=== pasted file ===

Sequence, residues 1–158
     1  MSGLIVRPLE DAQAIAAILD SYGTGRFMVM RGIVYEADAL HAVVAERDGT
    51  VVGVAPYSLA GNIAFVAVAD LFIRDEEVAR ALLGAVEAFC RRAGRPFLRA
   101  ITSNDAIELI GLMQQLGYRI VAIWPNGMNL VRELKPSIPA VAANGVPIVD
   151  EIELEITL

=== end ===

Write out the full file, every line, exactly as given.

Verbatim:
Sequence, residues 1–158
     1  MSGLIVRPLE DAQAIAAILD SYGTGRFMVM RGIVYEADAL HAVVAERDGT
    51  VVGVAPYSLA GNIAFVAVAD LFIRDEEVAR ALLGAVEAFC RRAGRPFLRA
   101  ITSNDAIELI GLMQQLGYRI VAIWPNGMNL VRELKPSIPA VAANGVPIVD
   151  EIELEITL